As would occur more times in his life, his ambition was disappointed. The Opus Dei technocrats that then dominated the government threw him out of power in 1969. He converted into a kind of critic from inside Francoism, an image he especially cultivated after 1973, when he was named ambassador to London. Franco’s health had declined, and Fraga intuited the proximity of a profound change. In the English capital, he frenetically developed a diary of contacts, with people of Spain and the entire world, to prepare his candidacy to pilot the Transition. In the first government of Arias Navarro, after Franco’s death, he was Minister of Governance (which is now the Ministry of the Interior).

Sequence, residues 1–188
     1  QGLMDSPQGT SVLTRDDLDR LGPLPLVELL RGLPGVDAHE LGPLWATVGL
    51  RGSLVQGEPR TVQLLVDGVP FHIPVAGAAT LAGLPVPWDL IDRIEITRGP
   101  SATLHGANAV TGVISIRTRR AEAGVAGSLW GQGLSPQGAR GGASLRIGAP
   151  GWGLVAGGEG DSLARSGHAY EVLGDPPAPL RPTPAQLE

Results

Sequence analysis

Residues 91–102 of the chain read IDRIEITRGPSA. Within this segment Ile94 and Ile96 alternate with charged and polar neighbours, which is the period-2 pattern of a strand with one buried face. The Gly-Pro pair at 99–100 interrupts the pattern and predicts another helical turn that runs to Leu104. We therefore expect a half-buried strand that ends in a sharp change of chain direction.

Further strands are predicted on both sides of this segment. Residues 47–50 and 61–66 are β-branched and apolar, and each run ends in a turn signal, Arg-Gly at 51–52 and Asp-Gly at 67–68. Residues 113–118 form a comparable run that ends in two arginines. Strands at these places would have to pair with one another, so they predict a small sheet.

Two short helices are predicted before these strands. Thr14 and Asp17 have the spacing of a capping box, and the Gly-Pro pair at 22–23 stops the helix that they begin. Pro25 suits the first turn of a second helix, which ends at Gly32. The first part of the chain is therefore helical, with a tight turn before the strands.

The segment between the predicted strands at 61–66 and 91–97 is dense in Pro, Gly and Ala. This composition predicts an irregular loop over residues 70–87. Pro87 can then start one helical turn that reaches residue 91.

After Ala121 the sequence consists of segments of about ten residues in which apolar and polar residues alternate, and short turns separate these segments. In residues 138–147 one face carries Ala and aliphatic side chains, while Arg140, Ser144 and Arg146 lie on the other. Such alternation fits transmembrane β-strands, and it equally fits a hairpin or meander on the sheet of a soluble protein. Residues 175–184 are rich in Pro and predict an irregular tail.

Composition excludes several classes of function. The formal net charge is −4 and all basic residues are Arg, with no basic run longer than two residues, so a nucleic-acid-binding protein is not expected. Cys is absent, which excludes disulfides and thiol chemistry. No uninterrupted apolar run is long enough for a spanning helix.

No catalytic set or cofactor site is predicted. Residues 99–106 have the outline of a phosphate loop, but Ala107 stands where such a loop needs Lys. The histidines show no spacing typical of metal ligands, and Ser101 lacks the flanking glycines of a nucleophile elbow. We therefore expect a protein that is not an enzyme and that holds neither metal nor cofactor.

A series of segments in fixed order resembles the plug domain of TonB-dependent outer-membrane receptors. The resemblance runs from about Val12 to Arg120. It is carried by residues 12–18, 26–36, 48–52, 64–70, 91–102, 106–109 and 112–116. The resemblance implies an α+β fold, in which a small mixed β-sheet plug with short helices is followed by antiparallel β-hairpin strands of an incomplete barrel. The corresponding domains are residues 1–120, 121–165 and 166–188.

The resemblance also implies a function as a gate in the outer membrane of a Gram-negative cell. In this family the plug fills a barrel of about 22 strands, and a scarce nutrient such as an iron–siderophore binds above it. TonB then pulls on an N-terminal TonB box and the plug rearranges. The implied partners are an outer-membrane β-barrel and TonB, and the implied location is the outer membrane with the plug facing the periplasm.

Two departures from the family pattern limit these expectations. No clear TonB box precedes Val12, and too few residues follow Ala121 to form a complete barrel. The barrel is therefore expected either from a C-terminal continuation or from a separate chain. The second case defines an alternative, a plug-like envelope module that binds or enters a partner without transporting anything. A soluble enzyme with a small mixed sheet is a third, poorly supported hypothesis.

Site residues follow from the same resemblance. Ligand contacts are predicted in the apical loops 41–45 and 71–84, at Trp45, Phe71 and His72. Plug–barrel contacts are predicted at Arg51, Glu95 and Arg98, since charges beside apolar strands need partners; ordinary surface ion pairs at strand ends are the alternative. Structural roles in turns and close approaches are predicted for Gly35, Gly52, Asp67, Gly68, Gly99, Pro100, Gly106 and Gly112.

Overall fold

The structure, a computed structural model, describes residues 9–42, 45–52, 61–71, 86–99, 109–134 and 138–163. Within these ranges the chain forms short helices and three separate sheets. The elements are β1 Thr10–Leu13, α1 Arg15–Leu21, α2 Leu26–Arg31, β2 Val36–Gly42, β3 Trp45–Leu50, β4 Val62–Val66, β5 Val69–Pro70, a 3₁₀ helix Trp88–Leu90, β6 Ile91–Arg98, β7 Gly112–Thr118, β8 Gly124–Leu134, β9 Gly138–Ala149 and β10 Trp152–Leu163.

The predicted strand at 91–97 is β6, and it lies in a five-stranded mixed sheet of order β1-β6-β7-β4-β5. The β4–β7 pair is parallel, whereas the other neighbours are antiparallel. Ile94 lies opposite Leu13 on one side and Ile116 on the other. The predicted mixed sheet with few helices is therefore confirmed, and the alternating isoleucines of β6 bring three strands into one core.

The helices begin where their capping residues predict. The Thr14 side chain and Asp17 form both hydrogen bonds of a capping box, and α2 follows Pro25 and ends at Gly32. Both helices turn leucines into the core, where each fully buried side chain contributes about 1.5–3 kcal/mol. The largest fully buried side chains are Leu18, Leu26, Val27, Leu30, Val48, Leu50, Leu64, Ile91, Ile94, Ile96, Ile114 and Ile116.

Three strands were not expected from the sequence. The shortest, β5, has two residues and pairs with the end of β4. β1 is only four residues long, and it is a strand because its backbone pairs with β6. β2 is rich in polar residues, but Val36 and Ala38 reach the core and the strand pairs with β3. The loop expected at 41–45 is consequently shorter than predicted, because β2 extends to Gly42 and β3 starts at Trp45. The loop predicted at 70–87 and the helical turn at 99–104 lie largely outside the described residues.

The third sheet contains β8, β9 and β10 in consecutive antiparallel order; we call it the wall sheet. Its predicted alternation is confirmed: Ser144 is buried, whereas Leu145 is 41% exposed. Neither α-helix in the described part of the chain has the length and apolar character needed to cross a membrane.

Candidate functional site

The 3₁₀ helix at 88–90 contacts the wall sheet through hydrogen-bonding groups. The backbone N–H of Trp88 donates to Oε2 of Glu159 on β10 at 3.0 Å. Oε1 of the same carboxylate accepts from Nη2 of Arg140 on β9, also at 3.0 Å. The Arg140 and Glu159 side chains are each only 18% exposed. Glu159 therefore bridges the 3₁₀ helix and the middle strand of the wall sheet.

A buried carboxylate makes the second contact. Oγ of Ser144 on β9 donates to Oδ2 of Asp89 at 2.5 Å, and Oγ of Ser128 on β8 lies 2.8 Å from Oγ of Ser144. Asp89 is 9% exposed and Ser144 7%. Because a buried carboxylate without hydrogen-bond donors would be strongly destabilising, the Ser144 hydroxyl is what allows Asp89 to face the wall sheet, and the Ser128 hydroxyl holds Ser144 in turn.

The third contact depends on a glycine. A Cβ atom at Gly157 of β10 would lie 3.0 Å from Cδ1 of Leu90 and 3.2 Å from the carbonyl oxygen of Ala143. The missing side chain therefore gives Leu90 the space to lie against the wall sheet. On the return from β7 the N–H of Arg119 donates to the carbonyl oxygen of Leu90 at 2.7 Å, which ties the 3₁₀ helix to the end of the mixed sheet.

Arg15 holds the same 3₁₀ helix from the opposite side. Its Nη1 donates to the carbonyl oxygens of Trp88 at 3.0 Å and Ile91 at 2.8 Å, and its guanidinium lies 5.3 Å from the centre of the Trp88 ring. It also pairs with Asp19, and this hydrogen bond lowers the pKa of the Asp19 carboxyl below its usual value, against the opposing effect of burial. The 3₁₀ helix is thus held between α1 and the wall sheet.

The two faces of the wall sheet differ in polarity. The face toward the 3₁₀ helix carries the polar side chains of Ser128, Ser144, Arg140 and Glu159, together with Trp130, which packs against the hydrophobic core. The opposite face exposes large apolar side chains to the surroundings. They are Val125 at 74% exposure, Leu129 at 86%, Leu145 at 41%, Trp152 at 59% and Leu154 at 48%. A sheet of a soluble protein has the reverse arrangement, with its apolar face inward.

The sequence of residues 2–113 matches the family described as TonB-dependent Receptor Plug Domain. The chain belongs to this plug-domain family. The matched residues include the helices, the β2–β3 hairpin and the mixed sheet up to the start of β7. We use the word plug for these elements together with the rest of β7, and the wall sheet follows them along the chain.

Fraga’s project was undoubtedly progressive, but rather than liquidate the regime, he proposed to remodel it without altering its foundations. He never had the least intention, for example, of incorporating the communists into public life. His authoritarianism mixed with very controversial actions by his ministry – the assassination of workers in Vitoria and Carlist leftist militants in Montejurra, Navarra – which turned him into an ogre for the democratic opposition, which attributed him with a phrase he always denied saying: “the road is mine.” The worst quarrel of his life came when the King selected Suárez as the new President. Fraga stood before the monarch and rejected his pressure to take a post in the new administration.